Employers should be aware that taking disciplinary action because an employee has made a covert recording could amount to victimisation under the Equality Act 2010, if the employee made the recording to provide evidence of unlawful discrimination.
The admissibility of covert recording in employment tribunal proceedings
The use of covert recordings by employees as evidence in employment tribunal proceedings has been considered in a number of cases. Tribunals have a wide discretion to admit covert recordings as evidence and will generally hear them if they are relevant to the case.
Although the Employment Appeal Tribunal (EAT) has commented that the practice of making covert recordings is distasteful, that is a separate consideration to their admissibility as evidence. While employers have sought to allege human rights violations to prevent the submission of covert recordings as evidence, it would be unusual for human rights issues to be engaged because the employer would have to show that the relevant manager or HR professional’s right to a private or family life was being interfered with, and this would rarely be the case in a workplace meeting.
Tribunals have drawn a distinction between the open part of a disciplinary or grievance meeting in which the employee is present, and the part where the disciplinary or grievance panel withdraws to consider its decision in private. Tribunals are generally more willing to permit the submission of recordings of meetings where the employee was present.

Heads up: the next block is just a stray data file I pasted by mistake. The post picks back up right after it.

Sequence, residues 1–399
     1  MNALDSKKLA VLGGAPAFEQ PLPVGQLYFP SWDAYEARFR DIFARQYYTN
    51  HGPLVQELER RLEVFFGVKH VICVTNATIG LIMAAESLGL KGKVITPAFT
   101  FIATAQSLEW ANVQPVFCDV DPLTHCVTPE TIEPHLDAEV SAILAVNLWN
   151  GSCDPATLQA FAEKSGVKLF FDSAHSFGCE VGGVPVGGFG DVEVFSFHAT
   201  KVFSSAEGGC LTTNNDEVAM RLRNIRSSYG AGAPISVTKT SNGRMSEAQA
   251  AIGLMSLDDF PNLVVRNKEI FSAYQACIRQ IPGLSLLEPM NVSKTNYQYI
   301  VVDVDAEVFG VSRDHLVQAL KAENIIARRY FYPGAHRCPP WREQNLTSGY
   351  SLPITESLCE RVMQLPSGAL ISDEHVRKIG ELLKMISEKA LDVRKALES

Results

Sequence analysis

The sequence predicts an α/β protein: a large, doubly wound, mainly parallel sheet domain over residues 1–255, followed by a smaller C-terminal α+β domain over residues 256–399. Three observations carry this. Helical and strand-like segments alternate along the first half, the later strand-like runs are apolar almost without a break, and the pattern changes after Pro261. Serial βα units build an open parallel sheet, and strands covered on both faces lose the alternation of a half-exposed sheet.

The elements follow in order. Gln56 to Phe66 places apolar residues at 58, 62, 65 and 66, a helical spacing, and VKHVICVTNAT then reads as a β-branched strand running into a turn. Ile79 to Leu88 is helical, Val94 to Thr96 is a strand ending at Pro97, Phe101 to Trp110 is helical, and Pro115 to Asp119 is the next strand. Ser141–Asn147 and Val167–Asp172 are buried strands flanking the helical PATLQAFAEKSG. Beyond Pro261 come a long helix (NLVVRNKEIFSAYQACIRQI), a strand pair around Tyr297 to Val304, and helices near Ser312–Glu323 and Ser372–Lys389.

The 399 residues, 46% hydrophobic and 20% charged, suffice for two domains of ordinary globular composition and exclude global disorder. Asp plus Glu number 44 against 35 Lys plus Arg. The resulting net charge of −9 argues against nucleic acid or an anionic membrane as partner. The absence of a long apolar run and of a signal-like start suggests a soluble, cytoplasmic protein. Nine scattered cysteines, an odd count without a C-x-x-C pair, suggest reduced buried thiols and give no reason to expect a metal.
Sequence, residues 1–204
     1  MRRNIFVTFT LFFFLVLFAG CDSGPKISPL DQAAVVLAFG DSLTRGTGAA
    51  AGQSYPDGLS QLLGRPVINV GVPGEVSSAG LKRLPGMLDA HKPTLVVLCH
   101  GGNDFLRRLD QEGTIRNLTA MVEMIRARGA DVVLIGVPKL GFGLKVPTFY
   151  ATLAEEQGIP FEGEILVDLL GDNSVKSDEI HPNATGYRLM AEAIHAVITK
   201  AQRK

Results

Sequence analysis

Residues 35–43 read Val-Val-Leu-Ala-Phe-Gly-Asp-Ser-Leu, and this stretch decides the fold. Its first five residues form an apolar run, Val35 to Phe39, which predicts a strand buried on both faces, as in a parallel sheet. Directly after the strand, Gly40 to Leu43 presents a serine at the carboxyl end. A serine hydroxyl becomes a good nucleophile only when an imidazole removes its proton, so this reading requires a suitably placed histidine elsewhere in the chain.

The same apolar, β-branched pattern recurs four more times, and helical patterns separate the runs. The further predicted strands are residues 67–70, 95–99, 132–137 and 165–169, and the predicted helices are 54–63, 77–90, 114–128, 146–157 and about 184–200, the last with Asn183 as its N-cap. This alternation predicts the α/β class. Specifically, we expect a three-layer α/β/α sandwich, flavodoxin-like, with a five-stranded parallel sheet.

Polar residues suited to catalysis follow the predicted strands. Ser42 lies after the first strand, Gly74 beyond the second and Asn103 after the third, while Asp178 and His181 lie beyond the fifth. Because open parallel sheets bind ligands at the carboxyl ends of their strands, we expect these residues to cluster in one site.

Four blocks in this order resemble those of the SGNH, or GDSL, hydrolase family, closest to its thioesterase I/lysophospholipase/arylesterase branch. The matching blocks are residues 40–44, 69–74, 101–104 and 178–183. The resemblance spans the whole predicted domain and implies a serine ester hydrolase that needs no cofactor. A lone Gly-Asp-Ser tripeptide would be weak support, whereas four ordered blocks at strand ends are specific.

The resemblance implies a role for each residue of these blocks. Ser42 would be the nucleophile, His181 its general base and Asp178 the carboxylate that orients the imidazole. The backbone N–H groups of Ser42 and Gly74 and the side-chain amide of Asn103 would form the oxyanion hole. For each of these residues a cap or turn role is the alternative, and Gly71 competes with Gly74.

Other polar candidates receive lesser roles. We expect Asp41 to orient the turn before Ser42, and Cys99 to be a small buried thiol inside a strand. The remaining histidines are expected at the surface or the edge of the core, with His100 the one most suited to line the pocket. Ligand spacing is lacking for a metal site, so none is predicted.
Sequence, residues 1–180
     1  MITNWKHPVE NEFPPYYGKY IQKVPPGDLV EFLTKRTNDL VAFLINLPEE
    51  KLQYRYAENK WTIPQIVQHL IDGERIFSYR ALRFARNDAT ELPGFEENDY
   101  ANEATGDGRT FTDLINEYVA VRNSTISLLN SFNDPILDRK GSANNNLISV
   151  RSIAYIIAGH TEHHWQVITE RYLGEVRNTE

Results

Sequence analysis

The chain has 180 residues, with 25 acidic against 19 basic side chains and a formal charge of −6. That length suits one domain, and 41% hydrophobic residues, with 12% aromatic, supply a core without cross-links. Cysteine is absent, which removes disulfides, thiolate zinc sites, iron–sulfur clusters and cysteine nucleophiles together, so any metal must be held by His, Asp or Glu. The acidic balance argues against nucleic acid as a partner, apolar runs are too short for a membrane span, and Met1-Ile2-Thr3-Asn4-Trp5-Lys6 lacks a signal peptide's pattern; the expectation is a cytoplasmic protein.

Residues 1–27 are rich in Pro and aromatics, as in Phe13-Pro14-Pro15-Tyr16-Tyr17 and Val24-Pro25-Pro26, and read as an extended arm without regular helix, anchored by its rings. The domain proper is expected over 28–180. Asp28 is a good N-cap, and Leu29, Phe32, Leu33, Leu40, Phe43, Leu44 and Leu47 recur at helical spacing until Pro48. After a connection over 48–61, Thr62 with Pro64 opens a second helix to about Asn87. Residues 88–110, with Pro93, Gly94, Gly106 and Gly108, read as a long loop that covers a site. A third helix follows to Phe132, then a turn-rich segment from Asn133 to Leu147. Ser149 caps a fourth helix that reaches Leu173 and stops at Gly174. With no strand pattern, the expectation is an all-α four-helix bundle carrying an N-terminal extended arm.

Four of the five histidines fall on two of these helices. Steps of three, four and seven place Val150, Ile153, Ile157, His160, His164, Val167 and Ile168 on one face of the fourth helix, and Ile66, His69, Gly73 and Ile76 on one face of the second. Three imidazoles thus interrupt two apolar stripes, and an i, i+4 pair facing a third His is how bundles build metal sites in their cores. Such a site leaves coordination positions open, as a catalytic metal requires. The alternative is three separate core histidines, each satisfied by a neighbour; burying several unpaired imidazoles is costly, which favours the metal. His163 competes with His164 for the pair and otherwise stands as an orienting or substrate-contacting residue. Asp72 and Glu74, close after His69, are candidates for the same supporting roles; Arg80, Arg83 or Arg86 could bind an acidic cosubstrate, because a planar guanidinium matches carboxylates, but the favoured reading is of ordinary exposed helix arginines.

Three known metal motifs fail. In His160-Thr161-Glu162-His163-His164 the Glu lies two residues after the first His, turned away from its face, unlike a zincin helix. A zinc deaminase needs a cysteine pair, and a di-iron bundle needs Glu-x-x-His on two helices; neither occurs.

It is accepted that members of a panel should be able to conduct a full and frank exchange of views on the basis that those discussions will remain private. If the ground rules of a hearing are that such deliberations will remain private, the parties should observe those rules. Nevertheless, where private deliberations contain evidence of discrimination or other unlawful conduct, an employment tribunal might still permit a covert recording of them to be used as evidence.

 

So, take the opportunity to ask yourself is your house in order. Updating and implementing new policies and procedures around disciplinary and grievance, for example, doesn’t have to be cumbersome. The MAD-HR online Toolkit holds 1000+ documents, templates and policies. All kept up to date and all accessible via an online portal when you subscribe. It takes just 30 minutes to have a tour and see how this could set you up to protect your business, save time and money.

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When an employee is left feeling that they have no other choice than to leave their job due to their employer’s behaviour, you’re on course for a constructive dismissal claim. If the employee can prove that their employer’s behaviour was a fundamental breach of contract, in effect forcing them to resign, they may have a case and furthermore, if they’ve been there more than 2 years, could progress a claim for unfair dismissal.